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 Post subject: Re: Sente, gote and endgame plays
Post #141 Posted: Fri Nov 03, 2017 1:03 am 
Tengen

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RobertJasiek wrote:
Code:
     B(-4.5)
    / \
D(1)   E(-10)
      / \
F(-4)   G(-13)
    / \
H(2)   I(-10)


B has the tentative gote move value 5.5 and the tentative sente move value D(1) - F(-4) = 5. The tentative gote move value 5.5 is larger than the tentative sente move value 5. This condition identifies a local sente. So B is White's local sente.


This is still wrong, is it?

If indeed B is White's local sente, then B has the tentative sente count -4.

Code:
     B(-4)
    / \
D(1)   E(-10)
      / \
F(-4)   G(-13)
    / \
H(2)   I(-10)


Saying that B is White's local sente with the tentative sente move value 5 overlooks that, after the sente sequence from B to F, the follow-up gote move value at F is 6. The move value increases, that is, the tentative sente move value of B is smaller than the follow-up gote move value at F, that is, 5 < 6. Therefore, if the sente sequence from B to F is played, play does not stop but proceeds in alternation to I.

Since B is not a local sente but a traversal (that is, besides the types local gote, local sente, ambiguous and maybe local double sente, there is another type of local endgames: traversal), we discard the the tentative sente move value of B.

Code:
     B
    / \
D(1)   E(-10)
      / \
F(-4)   G(-13)
    / \
H(2)   I(-10)


B, being a traversal, has as its count the average of the counts of its followers D and I, that is, (1 + (-10)) / 2 = -4.5.

Code:
     B(-4.5)
    / \
D(1)   E(-10)
      / \
F(-4)   G(-13)
    / \
H(2)   I(-10)


We had that number for the count earlier but it was wrong nevertheless because it was associated with the wrong meaning of tentatively being a local gote. Now the count -4.5 of B is correct because it is associated with the correct meaning of being a traversal. (We must not take as a count what deceiptively looks right because of accidentally having the same number.)

***

Since B is a traversal, we may simplify the game by pruning the traversed nodes to get B':

Code:
     B'
    / \
D(1)   I(-10)


Note that B' does not have assigned its count yet. We determine it only now. B' is a simple gote so has the gote count -4.5.

Code:
     B'(-4.5)
    / \
D(1)   I(-10)


CGT tells us that B = B' from a value perspective if there are / will be no kos. Therefore, if first we determine the gote count -4.5 of B', we may then also use this value as the count of B. However, in B, this same count has a different meaning! Whilst in B' the count -4.5 is a gote count, in B the count -4.5 is a traversal count!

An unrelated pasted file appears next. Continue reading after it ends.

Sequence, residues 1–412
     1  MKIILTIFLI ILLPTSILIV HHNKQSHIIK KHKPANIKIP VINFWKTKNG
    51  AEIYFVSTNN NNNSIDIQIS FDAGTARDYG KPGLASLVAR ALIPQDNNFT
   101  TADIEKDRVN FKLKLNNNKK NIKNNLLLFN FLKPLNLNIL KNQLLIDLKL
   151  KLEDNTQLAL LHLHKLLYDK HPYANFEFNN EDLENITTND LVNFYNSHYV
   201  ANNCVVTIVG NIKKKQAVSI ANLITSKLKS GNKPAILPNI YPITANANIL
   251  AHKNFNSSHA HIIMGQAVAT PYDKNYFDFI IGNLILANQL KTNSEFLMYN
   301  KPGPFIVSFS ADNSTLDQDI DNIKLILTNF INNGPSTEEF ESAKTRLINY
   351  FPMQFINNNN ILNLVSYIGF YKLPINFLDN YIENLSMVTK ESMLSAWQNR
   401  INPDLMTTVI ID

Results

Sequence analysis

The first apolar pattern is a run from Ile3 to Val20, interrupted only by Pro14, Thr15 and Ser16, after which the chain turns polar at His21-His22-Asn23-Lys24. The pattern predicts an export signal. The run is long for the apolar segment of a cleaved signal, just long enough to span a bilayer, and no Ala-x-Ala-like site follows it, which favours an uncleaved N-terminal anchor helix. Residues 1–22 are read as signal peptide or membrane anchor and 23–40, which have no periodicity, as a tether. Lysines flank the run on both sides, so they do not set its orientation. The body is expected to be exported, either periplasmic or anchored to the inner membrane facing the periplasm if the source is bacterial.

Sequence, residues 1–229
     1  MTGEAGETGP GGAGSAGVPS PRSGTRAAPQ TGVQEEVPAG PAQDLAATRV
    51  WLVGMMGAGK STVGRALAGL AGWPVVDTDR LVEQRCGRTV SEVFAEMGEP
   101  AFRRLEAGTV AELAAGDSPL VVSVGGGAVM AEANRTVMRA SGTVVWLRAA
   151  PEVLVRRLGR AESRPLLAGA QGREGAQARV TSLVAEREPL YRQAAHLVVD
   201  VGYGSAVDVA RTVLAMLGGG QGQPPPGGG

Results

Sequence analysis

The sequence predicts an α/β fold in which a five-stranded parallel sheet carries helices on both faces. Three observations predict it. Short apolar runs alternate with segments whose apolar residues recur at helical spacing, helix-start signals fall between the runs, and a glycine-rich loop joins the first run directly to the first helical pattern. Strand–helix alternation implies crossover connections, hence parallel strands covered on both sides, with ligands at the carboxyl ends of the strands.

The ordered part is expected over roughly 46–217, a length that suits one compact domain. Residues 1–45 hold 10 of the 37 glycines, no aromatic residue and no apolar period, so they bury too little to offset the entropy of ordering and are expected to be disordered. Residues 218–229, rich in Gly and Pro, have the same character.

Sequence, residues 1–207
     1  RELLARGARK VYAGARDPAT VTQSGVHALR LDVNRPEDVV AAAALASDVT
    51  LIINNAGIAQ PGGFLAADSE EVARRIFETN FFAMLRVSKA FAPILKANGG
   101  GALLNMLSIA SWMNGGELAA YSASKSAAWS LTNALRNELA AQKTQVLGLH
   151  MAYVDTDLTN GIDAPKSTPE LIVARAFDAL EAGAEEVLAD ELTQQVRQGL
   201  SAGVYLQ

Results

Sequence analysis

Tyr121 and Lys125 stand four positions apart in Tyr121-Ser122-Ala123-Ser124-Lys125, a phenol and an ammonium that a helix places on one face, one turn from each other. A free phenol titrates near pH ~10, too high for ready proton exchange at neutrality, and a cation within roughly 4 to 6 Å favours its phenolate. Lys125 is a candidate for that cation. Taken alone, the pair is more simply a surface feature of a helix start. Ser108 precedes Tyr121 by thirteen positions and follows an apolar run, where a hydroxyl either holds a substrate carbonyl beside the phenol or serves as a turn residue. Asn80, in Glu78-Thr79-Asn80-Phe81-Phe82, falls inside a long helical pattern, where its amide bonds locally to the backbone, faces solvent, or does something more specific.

To recollect, suppose we are here when analysing B:

Code:
     B
    / \
D(1)   E(-10)
      / \
F(-4)   G(-13)
    / \
H(2)   I(-10)


From the count -4.5 of B', we know that this is also the count of B:

Code:
     B(-4.5)
    / \
D(1)   E(-10)
      / \
F(-4)   G(-13)
    / \
H(2)   I(-10)


From the earlier analysis of the game B (yes, B, not B'), we also know that B is a traversal so the assigned count of B is a traversal count derived from the counts of D and I.

Despite numerical equality, it would be wrong to say that the count of B could simply be calculated as the average of the counts of D and E. This would miss the meaning of the count, which is NOT a gote count but is a traversal count.

Did I say traversal was difficult? It is! :)

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 Post subject: Re: Sente, gote and endgame plays
Post #142 Posted: Fri Nov 03, 2017 1:23 am 
Judan

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RobertJasiek wrote:
From the earlier analysis of the game B (yes, B, not B'), we also know that B is a traversal so the assigned count of B is a traversal count derived from the counts of D and I.

Despite numerical equality, it would be wrong to say that the count of B could simply be calculated as the average of the counts of D and E. This would miss the meaning of the count, which is NOT a gote count but is a traversal count.


Right you are. :D

Quote:
Did I say traversal was difficult? It is! :)


Right again. :)

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 Post subject: Re: Sente, gote and endgame plays
Post #143 Posted: Sun Nov 12, 2017 8:48 pm 
Judan

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RobertJasiek wrote:
Reading https://senseis.xmp.net/?Count I thought I would have understood traversal (what confusingly that page and CGT calls reversal). However, when trying to apply it to the following examples, I notice that I have understood nothing.


Code:
     B
    / \
D(1)   E
      / \
     F   G(-13)
    / \
H(2)   I(-10)



Code:
          A
         / \
        B   C(-13)
       / \
   D(1)   E
         / \
        F   G(-13)
       / \
   H(2)   I(-10)



The second example is one move earlier than the first example. The second example can be represented as what looks like a hane-and-connect "sente" sequence.